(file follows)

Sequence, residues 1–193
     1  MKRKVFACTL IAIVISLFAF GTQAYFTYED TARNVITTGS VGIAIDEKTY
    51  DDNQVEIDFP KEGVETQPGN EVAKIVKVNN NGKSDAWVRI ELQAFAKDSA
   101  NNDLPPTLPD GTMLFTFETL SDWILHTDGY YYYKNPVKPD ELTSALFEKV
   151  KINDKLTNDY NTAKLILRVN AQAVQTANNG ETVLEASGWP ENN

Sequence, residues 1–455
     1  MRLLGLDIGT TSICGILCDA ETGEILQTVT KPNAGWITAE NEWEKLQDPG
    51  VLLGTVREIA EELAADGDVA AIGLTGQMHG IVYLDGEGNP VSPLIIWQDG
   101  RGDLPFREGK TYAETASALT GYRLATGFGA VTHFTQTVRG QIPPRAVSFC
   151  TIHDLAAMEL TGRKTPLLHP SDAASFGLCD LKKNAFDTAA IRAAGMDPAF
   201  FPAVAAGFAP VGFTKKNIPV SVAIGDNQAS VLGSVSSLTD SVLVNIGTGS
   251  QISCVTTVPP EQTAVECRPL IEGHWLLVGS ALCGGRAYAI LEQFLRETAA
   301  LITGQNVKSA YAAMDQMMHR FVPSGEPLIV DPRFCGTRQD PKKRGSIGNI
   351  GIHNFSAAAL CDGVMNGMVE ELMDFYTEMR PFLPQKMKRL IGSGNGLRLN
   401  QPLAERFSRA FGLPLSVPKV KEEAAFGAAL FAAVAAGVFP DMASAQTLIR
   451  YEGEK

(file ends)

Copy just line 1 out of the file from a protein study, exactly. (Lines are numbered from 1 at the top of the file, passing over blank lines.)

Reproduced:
Sequence, residues 1–193